Netflix Co-Ceo Takes A Dig At Amazon's Prime Video Ad Strategy: 'Rather Than Force Them Into A Change...Better To Attract Them'

Netflix Inc. NFLX has subtly thrown shade at Inc. AMZN as the latter prepares to introduce ads on its Prime Video platform, posing a new challenge to Netflix’s advertising revenue.

What Happened: During the fourth-quarter earnings call, Netflix Co-CEO Greg Peters was asked about the company’s strategy in light of Amazon’s move. He explained that Netflix had considered making ads the default option but decided against it, reported Business Insider. Peters also noted that 40% of Netflix’s new signups are for the ad tier.

“We did consider making it the default option, but given our long history of not having ads, we thought it was better for our members — rather than force them into a change and give them ads — better to attract them to the ads plan for the ones that wanted it, with the benefits,” Peters said.

Despite Amazon’s scale advantage, Peters emphasized Netflix’s strong position in the streaming market, attributing it to the company’s extensive content library and highly engaged audience.

Amazon is set to launch ads on Prime Video starting Jan. 29, potentially competing with Netflix for advertising revenue. Amazon’s default ad option will be available to its 115 million monthly users, significantly more than Netflix’s 23 million users for its ad tier.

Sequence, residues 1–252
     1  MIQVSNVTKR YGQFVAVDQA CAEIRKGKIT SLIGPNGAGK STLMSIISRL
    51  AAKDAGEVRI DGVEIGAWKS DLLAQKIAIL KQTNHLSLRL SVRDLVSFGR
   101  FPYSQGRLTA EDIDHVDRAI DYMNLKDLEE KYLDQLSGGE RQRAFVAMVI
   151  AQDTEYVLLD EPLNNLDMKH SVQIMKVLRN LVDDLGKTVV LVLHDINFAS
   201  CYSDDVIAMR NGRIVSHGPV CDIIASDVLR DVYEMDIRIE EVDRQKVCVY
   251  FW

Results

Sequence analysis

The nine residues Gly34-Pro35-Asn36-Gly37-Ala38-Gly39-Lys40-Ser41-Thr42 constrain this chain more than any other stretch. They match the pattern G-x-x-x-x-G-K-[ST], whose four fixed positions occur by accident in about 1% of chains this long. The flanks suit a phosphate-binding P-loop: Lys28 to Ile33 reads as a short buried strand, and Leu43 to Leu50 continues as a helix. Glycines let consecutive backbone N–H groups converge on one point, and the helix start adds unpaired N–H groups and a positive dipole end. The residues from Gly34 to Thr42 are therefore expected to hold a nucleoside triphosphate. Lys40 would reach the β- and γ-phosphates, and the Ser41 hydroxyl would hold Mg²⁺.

See Also: Netflix Q4 Earnings Highlights: Revenue Beat, 13.12 Million Net Paid Subscribers, Q1 Guidance And More

Why It Matters: Netflix’s response to Amazon’s ad strategy comes amid the streaming giant’s efforts to boost its subscriber base and revenue. Earlier this month, Netflix was reportedly testing a collaborative initiative with French retailer Carrefour S.A. to attract more customers to its most affordable subscription, mirroring a strategy employed by Amazon to enhance its streaming service clientele.

Additionally, Netflix has hinted at further price hikes in the near future, as it looks to monetize the platform further. This follows a price hike in October, with the potential for more increases to come.

Despite these challenges, Netflix reported a strong fourth-quarter revenue of $8.83 billion, up 12.5% year-over-year, and added 13.12 million net paid subscribers, beating expectations.

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